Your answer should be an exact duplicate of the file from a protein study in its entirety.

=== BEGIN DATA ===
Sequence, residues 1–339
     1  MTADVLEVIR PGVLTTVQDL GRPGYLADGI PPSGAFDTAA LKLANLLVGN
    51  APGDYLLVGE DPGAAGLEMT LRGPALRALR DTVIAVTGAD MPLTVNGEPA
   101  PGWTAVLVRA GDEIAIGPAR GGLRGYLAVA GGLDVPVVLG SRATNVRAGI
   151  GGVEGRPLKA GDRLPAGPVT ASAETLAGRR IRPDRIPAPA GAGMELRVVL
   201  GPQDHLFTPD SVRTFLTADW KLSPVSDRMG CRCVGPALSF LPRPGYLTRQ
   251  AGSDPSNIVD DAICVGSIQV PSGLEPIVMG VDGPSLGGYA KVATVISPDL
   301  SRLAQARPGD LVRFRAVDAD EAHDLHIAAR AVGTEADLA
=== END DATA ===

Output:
Sequence, residues 1–339
     1  MTADVLEVIR PGVLTTVQDL GRPGYLADGI PPSGAFDTAA LKLANLLVGN
    51  APGDYLLVGE DPGAAGLEMT LRGPALRALR DTVIAVTGAD MPLTVNGEPA
   101  PGWTAVLVRA GDEIAIGPAR GGLRGYLAVA GGLDVPVVLG SRATNVRAGI
   151  GGVEGRPLKA GDRLPAGPVT ASAETLAGRR IRPDRIPAPA GAGMELRVVL
   201  GPQDHLFTPD SVRTFLTADW KLSPVSDRMG CRCVGPALSF LPRPGYLTRQ
   251  AGSDPSNIVD DAICVGSIQV PSGLEPIVMG VDGPSLGGYA KVATVISPDL
   301  SRLAQARPGD LVRFRAVDAD EAHDLHIAAR AVGTEADLA